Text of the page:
Can You Use a Grill for Slow Cooking?
Yes, you absolutely can slow cook on a grill.
Grilling isn’t always about slapping chops or steak on a roaring fire and charring them as quickly as possible.
Sometimes, you want a slow-roasted, divine flavor all the way through.
It’s nothing like using a stoneware Crock-Pot or countertop slow cooker, but it’s possible, and it actually makes food taste better than a kitchen slow cooker, if you ask me.(*)
It’s possible, but it’s going to require some patience and diligence.
I’ve got the scoop on how to make some of the best slow-coked grilled food ever, so let’s jump right into it.
Why Would You Want to Slow Cook on a Grill?
The same reason people enjoy slow-cooked food from the kitchen: it’s tender as can be, and it meshes well with whatever additives or toppings you put on it.
The same goes for BBQ with sauces, vegetables that need to absorb flavors, or rather tough meat that you want to get a nice tender feel on.
Slow cooking on a grill definitely costs more, since you have to keep charcoal burning or the gas lit for a while, but I’m willing to bet that you found this post because you care more about flavor and quality than just making food quickly.
There are casual grillers that get together on holiday weekends, and then there’s us, the guys who want to get some serious grilled flavor regardless of the wait.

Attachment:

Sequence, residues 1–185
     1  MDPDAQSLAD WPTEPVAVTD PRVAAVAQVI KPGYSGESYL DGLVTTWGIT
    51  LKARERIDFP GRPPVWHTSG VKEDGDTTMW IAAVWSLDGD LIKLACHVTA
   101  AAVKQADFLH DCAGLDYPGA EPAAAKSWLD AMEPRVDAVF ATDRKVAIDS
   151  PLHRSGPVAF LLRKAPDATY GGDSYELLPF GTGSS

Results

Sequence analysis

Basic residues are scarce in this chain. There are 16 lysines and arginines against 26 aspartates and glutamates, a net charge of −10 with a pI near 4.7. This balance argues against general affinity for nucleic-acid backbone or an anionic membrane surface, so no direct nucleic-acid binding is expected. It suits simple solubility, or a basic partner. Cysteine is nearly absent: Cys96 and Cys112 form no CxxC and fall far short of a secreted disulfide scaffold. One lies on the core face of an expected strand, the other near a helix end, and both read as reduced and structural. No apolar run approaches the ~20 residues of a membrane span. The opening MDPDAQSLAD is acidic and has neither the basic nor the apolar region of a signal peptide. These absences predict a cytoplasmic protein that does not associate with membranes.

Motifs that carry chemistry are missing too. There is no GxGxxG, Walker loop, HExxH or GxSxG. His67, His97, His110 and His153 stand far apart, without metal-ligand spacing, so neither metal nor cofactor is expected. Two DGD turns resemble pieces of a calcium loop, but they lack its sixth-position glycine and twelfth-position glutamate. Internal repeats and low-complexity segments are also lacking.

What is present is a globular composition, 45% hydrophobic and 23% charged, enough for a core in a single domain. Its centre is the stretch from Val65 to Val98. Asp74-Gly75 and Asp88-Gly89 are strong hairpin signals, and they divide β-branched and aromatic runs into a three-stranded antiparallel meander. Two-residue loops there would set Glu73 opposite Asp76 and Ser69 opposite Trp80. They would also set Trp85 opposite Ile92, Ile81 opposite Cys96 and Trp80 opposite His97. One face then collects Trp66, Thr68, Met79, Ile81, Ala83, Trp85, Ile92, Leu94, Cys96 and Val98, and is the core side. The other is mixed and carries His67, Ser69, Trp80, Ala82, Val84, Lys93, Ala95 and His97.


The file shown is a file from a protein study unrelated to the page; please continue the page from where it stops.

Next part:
Slow cooking on the grill is also pretty relaxing. You don’t have to constantly monitor char marks or grill marks, the rising flames, and you aren’t making the same food five different ways for your picky guests. It’s a good time all around.
How do You Slow Cook on a Grill?
There are a few ways to do it.
If you’re slow cooking your food on the grill, ideally you’ll want it to be in a cast iron pot/pan, or in some heavy duty tin foil.
The reason for this is because it’s super easy to dry out meats by slow cooking, even if they have a high fat content.
You need some sort of liquid or sauce to keep them moist during cooking, and an appropriate container to house it.
Slow cooking requires a specific temperature range.
You want 200° F up to 225° F, but no more than that. At this range, you can slow cook for hours without drying out your food. There are some resources that suggest up to 250° F is okay, but with poultry and some cuts of pork, it will dry it out.
At this point, I would also like to note that the best way to slow cook on a grill is with charcoal briquettes, or gas burners.
Pellet grills can be used as well, but the temperature range they offer is usually a bit higher than what we want.
Using the Cast Iron Pot Method
- Whether they’re seasoned or not, your cast iron pans can be used to slow cook meat and vegetables on the grill. It’s a way of getting both direct and indirect heat to cook your food. Start by selecting the size of your cast iron cookware and putting your food in it.
- Put it on the grill after it’s been pre-heated and resides in the 200° F to 225° F range. The pan can take about ten minutes to heat up, which is when indirect heat will take over. You can close the lid during this process.
- Monitor the heat inside of your grill. Check on the temperature after fifteen minutes, then after another fifteen minutes. At this point, it’s safe to assume that it’s stable. Check every half-hour to ensure the temperature range stays the same.
- If the temperature drops, consider adding more charcoal. Manipulate your vents on the basin to add more oxygen and fan the flames a bit, just be wary of getting it up too high. If the temperature climbs too high, use the ventilation slat at the top of your lid to release some of that heat. Do not open the entire grill to remove heat, as you can lose about 12° F per second right off the bat.